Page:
Hello and welcome back to Equity, TechCrunch’s venture capital-focused podcast where we unpack the numbers behind the headlines.
This is Equity Monday, our weekly kickoff that tracks the latest big news, chats about the coming week, digs into some recent funding rounds and mulls over a larger theme or narrative from the private markets. You can follow the show on Twitter here and myself here — and don’t forget to check out last Friday’s episode.
Starting the day American stocks are set to rise despite the country’s president spending the weekend in a military hospital to combat his COVID-19 infection. The weekend itself was marked with national turmoil as information was incomplete, and shifting when it came to the health of the current administration.
Over the weekend a few stories caught our eyes:
The Ola-London dustup that shows what regulatory risk remains for ride-hailing companies.
What else was on our mind? We’re getting mentally ready for Q3 earnings. Now that it is Q4 that’s what’s coming up. What will the cycle bring? A clearer image of what happened in the quarter to companies that are not COVID-accelerated. What has happened to them, and can their results match investor expectations? The v-shaped recovery is actually a k-shaped recovery and, in time, it’s going to show. So, buckle up for one hell of an earnings cycle.
Equity drops every Monday at 7:00 a.m. PT and Thursday afternoon as fast as we can get it out, so subscribe to us on Apple Podcasts, Overcast, Spotify and all the casts.
For the past four years, Swedish startup Einride has captured interest, investment and even a few customer contracts for its unusual-looking pods — electric and autonomous vehicles that are designed to carry freight. But progress in developing, testing and validating autonomous vehicles — particularly ones that don’t even have space for a driver and rely on teleoperations — is an expensive and time-consuming task.
The company has made some progress with its T-Pod vehicles; four of them are on public roads today and even carry freight for customer Oatly, the Swedish food producer. Now, a year after raising $25 million, the company said it has another $10 million coming in from its existing investors.
The announcement comes ahead of a new vehicle the Einride will unveil October 8. Not much is known about the vehicle; Einride has only supplied a short and obscure teaser video.
Einride said the $10 million in new funding was led by impact fund Norrsken VC and included participation from EQT Ventures fund, Nordic Ninja VC and Ericsson Ventures. Norrsken VC is also joining Einride’s advisory board.
The capital will be used to fast track the official launch of its Einride Pods, the company said. Einride acknowledged that startups in AI and robotics were upended, and even shuttered altogether, in the early days of the COVID-19 pandemic. The company contests that demand for contactless delivery options — not coincidentally the kind it hopes to provide — has grown because of COVID-19. Einride said it’s maintained a “strong stream of new partnerships,” including onboarding partners Oatly and supermarket chain Lidl as well as launching a freight mobility platform designed to give customers information on shipping volume, distance driven and associated emissions and help pick the most efficient routes.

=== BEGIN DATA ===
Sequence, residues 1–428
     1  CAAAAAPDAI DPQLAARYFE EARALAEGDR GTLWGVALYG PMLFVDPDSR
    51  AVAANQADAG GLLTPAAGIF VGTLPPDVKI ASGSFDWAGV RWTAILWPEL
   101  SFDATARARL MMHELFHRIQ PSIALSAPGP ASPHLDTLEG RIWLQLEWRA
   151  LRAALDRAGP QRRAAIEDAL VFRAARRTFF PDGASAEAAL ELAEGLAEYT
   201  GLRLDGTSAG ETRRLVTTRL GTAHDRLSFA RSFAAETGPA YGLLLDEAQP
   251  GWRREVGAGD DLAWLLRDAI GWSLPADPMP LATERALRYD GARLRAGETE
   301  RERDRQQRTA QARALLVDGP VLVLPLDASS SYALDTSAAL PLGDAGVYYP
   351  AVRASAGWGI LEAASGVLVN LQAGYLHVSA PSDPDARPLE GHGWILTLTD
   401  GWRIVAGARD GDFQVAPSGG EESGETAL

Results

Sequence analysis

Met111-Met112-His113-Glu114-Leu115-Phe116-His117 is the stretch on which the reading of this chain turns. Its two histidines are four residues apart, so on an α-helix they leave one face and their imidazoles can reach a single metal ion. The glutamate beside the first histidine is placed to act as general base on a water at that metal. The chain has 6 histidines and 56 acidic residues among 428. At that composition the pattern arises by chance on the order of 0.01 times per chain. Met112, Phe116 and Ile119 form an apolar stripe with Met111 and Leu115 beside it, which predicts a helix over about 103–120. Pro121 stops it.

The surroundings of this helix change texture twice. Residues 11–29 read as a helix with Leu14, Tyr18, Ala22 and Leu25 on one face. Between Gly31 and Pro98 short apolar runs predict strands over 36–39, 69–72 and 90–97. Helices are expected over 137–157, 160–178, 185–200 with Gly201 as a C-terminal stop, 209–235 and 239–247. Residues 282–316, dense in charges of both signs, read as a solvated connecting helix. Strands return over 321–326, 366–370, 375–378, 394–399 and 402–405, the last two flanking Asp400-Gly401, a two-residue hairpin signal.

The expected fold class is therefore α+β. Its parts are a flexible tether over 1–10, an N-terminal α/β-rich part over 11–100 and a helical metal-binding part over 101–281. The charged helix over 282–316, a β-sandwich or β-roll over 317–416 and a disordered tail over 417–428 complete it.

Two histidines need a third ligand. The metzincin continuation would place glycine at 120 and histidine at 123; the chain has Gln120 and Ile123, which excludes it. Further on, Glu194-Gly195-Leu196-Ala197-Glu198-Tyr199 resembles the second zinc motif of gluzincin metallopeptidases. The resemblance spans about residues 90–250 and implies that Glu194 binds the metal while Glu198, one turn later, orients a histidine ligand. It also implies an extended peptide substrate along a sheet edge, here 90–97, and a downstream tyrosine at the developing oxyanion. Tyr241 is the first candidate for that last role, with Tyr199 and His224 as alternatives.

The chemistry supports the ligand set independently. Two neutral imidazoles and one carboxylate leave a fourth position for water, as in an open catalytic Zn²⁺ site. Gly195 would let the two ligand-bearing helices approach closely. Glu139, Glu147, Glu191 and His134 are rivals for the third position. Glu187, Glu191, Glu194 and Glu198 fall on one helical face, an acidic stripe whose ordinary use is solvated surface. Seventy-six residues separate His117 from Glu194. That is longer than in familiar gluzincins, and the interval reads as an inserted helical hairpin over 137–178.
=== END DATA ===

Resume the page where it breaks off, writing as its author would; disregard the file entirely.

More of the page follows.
“There is both a lot of excitement and a lot of uncertainty about autonomous trucking, but the fact remains: this is one of the largest business opportunities in the history of mankind,” said Einride CEO Robert Falck said in a statement, who added that the company expects to see the autonomous transport industry expand exponentially in the coming years, especially in the wake of a global pandemic.
Autonomous electric transportation startup Einride has taken a key step in its mission to deploy autonomous cargo pods on roads for commercial operations. The Swedish startup demonstrated its technology in use with one person remotely operating two pods at once, which is a fundamental part of their vision of multiple pods ultimately being overseen by one person essentially operating as a traffic controller.
The demonstration saw an operator oversee and remotely control the two driverless pods using a steering wheel controller and a surround view display using a number of monitors. The system demo shows how a pod can request that an operator take over manual control if it encounters an issue it can’t address via its onboard automated driving computer.
It’s a clever and practical way to bridge the gap between manually driven vehicles and fully autonomous transportation, while still changing the economics of fleet logistics. With a one-to-many model, Einride would be able to offer trucking companies big advantages in terms of costs and efficiencies, increasing the number of miles that can be driven without boosting headcount requirements. Plus, the electric drivetrains of the vehicles will add up to big fuel and ecological advantages when it comes to day-to-day operations.
Einride also says that its platform has the potential to change the dynamics of the profession of trucker, since it can provide comfortable, remote operations centers that replace long weeks on the road away form home. This could open up the industry to more potential employees and recruits, which is a crucial need since trucking has typically required more new drivers than the market could supply in the U.S. over the pas few years.